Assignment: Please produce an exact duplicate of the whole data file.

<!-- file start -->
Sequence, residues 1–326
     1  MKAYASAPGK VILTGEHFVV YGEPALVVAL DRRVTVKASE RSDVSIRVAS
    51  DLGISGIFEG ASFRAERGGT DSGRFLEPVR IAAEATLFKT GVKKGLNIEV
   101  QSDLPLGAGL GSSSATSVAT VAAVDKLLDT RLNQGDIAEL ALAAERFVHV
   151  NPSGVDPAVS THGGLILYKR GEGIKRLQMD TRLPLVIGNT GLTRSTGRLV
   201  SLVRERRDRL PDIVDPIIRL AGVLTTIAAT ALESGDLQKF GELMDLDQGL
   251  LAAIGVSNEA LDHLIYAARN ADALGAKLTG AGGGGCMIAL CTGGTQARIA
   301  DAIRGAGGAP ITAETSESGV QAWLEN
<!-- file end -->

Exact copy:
Sequence, residues 1–326
     1  MKAYASAPGK VILTGEHFVV YGEPALVVAL DRRVTVKASE RSDVSIRVAS
    51  DLGISGIFEG ASFRAERGGT DSGRFLEPVR IAAEATLFKT GVKKGLNIEV
   101  QSDLPLGAGL GSSSATSVAT VAAVDKLLDT RLNQGDIAEL ALAAERFVHV
   151  NPSGVDPAVS THGGLILYKR GEGIKRLQMD TRLPLVIGNT GLTRSTGRLV
   201  SLVRERRDRL PDIVDPIIRL AGVLTTIAAT ALESGDLQKF GELMDLDQGL
   251  LAAIGVSNEA LDHLIYAARN ADALGAKLTG AGGGGCMIAL CTGGTQARIA
   301  DAIRGAGGAP ITAETSESGV QAWLEN